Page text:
In this post I will summarise my past posts on the topic, which can be found here:

In those posts I concluded a number of things.

Managers should try to avoid giving any of the following:

  • Instructions contradicted by other instructions.
  • Completely idiotic instructions.
  • Instructions that no manager would ever subsequently admit to giving.
  • Instructions which, if followed, will be used against the teacher following them.

Some of this might seem obvious, but none of these things are uncommon. Dysfunctional management is by all reasonable accounts a problem in teaching and it is worth considering where managers should definitely leave well enough alone. However, attending to this only narrowly restricts the places where the line can be drawn.

Moving on from the day to day decisions of managers to the systems used to manage teachers, I suggested the following should be avoided in any system of holding teachers to account.

  1. Trying to achieve multiple aims simultaneously and without a clear indication of priority;
  2. Holding teachers accountable for methods and outcomes simultaneously;
  3. Enforcing, and creating paperwork for things that would happen anyway;
  4. Creating work that does not have to be done;
  5. Measuring and judging things that don’t matter;
  6. Measuring and judging things unreliably;
  7. Encouraging behaviour that is actually counter-productive;
  8. Wasting money, particularly on management salaries.

Again, this stuff might seem obvious, but it is all incredibly common. I believe almost every large school would gain from applying these principles to all of its rules and systems for holding teachers to account.

The point about the problem of trying to achieve multiple aims simultaneously is one that applies at many levels and across the public services. The philosopher Onora O’Neill, when talking about accountability described the following problem:

Traditionally, the public sector exercised control by process. We often call it bureaucratic process. The private sector allegedly exercised control by targets. When the target setting was imposed on the public sector, the process controls were not removed, hence the problem of having to be responsive to and responsible for two completely different sets of controls whose coincidence is not guaranteed.

Teachers should never be held accountable for outcomes if they were not given the freedom to affect them. In this era of workload concerns, I would add that if they can affect those outcomes, but only by taking on more work, that should also be considered unreasonable.

One helpful way of looking at restrictions on autonomy can be found in this blogpost by Doug Lemov which appeals to the concept of “positive and negative variance”.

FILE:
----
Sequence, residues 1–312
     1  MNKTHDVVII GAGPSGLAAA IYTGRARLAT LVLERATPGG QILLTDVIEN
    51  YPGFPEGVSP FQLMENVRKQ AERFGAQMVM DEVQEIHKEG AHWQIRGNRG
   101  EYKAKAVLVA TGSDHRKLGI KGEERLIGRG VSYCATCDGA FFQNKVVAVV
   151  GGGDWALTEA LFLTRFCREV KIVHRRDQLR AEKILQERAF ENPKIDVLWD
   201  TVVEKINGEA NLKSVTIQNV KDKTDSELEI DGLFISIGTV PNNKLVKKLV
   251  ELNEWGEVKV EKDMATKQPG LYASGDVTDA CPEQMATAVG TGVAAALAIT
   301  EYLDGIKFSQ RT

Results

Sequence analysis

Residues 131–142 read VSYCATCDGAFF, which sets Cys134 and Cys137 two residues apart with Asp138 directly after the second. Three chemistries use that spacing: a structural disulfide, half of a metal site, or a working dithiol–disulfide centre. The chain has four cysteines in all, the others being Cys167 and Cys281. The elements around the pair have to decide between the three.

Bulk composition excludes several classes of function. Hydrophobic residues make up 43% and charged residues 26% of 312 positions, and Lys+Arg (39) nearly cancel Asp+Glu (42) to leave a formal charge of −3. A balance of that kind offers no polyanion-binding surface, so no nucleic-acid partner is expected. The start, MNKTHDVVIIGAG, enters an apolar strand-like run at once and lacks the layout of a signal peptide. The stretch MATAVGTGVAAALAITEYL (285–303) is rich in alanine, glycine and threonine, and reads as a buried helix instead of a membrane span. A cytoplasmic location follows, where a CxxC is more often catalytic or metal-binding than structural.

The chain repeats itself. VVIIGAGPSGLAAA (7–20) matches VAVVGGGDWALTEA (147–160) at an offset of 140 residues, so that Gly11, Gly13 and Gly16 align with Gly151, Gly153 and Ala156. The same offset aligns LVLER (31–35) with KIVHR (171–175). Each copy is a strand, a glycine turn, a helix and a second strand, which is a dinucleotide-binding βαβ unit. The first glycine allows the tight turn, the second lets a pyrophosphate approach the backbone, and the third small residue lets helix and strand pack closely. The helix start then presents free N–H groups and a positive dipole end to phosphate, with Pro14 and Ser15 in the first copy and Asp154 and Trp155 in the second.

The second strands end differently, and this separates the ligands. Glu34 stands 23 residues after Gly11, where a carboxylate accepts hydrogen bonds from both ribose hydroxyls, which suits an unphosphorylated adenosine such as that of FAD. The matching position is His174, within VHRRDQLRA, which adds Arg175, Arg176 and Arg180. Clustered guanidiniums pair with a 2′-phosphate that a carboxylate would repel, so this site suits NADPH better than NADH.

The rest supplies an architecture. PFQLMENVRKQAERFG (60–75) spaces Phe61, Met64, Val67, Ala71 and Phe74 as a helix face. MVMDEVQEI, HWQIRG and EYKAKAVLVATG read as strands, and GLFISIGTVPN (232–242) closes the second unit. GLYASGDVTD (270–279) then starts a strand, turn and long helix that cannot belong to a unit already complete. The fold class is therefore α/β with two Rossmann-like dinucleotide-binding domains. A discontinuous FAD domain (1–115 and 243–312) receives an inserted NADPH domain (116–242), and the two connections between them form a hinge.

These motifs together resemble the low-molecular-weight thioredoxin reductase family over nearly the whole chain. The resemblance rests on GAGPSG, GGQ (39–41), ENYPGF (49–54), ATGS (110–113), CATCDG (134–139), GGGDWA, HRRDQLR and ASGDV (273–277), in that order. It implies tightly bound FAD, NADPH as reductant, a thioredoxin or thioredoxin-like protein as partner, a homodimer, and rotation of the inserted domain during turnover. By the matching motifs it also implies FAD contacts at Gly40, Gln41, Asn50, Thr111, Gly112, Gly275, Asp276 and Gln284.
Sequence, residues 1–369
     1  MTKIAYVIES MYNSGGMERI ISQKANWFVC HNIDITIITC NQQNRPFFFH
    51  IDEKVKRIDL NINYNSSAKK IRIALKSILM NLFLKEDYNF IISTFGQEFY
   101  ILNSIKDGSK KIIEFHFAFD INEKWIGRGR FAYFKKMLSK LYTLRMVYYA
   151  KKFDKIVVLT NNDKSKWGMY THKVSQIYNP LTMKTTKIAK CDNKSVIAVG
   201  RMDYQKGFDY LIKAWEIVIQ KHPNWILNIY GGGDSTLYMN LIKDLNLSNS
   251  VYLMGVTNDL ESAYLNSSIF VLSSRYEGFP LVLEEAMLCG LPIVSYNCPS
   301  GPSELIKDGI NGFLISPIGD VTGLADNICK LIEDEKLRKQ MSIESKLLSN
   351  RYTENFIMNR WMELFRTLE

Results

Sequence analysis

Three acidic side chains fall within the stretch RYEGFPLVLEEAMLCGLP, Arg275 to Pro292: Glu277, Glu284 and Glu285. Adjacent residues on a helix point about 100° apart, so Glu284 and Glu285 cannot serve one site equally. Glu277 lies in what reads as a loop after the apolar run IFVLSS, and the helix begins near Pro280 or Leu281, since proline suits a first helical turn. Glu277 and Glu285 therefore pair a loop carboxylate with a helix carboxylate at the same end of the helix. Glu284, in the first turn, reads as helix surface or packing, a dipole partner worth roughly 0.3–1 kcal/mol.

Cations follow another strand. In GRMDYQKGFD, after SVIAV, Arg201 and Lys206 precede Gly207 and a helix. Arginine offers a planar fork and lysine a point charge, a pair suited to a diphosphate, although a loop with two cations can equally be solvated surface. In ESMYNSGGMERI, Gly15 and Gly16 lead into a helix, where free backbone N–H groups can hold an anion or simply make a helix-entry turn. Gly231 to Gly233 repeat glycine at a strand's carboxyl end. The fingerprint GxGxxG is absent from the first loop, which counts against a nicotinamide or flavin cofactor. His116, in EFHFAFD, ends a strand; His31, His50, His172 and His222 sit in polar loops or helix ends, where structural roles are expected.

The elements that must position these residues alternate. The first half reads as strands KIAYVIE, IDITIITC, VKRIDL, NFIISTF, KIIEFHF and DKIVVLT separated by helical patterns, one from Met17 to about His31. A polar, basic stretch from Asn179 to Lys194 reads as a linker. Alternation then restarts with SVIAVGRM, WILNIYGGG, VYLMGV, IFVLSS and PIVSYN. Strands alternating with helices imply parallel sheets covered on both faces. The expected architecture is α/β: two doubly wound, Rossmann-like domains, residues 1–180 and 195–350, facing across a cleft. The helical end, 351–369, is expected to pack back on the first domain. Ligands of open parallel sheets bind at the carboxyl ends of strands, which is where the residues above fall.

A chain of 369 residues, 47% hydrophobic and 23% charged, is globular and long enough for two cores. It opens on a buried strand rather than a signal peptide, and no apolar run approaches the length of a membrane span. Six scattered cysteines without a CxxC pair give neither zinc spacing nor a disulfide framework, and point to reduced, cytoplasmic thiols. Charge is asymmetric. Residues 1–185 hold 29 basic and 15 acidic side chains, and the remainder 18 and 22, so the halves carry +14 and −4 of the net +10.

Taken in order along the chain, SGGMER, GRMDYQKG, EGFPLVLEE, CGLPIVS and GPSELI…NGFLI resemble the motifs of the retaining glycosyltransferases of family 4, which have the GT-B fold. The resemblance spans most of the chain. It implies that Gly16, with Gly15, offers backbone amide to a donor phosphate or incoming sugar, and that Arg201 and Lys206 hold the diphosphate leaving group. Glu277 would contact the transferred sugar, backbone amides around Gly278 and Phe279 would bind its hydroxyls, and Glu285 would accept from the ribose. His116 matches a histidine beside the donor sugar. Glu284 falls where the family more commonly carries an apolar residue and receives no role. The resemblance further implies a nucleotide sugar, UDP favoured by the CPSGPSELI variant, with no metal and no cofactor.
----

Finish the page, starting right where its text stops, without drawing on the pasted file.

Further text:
… one of the strongest ways a school can make a difference in student achievement is to have a coherent approach to teaching, one that outlines a shared understanding of “how we do it”—things that comprise a schools core approach that everyone is expected to do. The school should name the things that are part of “how we do it” and then provide training  so predictable implementation errors are reduced. That’s a way of both aligning and implementing a philosophy but also of reducing negative variance.

But it’s super-important to balance that reduction of negative variance with an understanding of the benefits of “positive variance”… the idea that people who have achieved proficiency with a skill should have the freedom to personalize and adapt.

The example he gives is centralised lesson planning. Preparing lessons centrally will reduce negative variation in that it will make it harder for teachers to be under prepared. However, in order to encourage positive variation, teachers will need to be allowed to adapt the lessons and be progressively given decision rights that can include dropping the centrally prepared lesson entirely.

I suggested the following principles might help with ensuring there is less negative variance and more positive variance.

  1. Outcomes must be considered before processes.
  2. Schools should be upfront about what they want.
  3. If you can’t write down clearly, concisely and objectively what you want, you have no right to ask for it.
  4. The best justification for restricting autonomy is where a teacher’s behaviour will undermine colleagues. e.g. differing expectations for behaviour across the school.
  5.  Don’t take the piss. i.e. don’t have systems that can be harmful to teachers in themselves by adding to stress or encouraging bullying.

That’s about 1000 words summarising what I’ve already said on this topic. I am fully aware that everything I’ve said only suggests some constraints on where to draw the line, and doesn’t give any easy answers to the question of teacher autonomy. In my next blogpost I hope to add a few more considerations that I haven’t covered previously.